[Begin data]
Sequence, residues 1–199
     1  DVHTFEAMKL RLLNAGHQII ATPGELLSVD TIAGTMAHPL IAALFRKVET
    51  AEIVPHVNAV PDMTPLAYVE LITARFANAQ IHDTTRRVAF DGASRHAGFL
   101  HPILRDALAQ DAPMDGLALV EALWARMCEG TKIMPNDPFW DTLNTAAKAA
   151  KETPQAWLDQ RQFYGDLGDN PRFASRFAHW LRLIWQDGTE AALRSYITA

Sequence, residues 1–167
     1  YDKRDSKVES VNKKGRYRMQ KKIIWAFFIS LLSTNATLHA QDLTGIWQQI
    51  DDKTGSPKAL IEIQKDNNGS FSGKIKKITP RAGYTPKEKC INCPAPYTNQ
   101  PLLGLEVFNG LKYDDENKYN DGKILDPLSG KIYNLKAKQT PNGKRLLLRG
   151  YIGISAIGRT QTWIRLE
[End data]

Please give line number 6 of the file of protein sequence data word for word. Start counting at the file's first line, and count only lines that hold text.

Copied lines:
Sequence, residues 1–167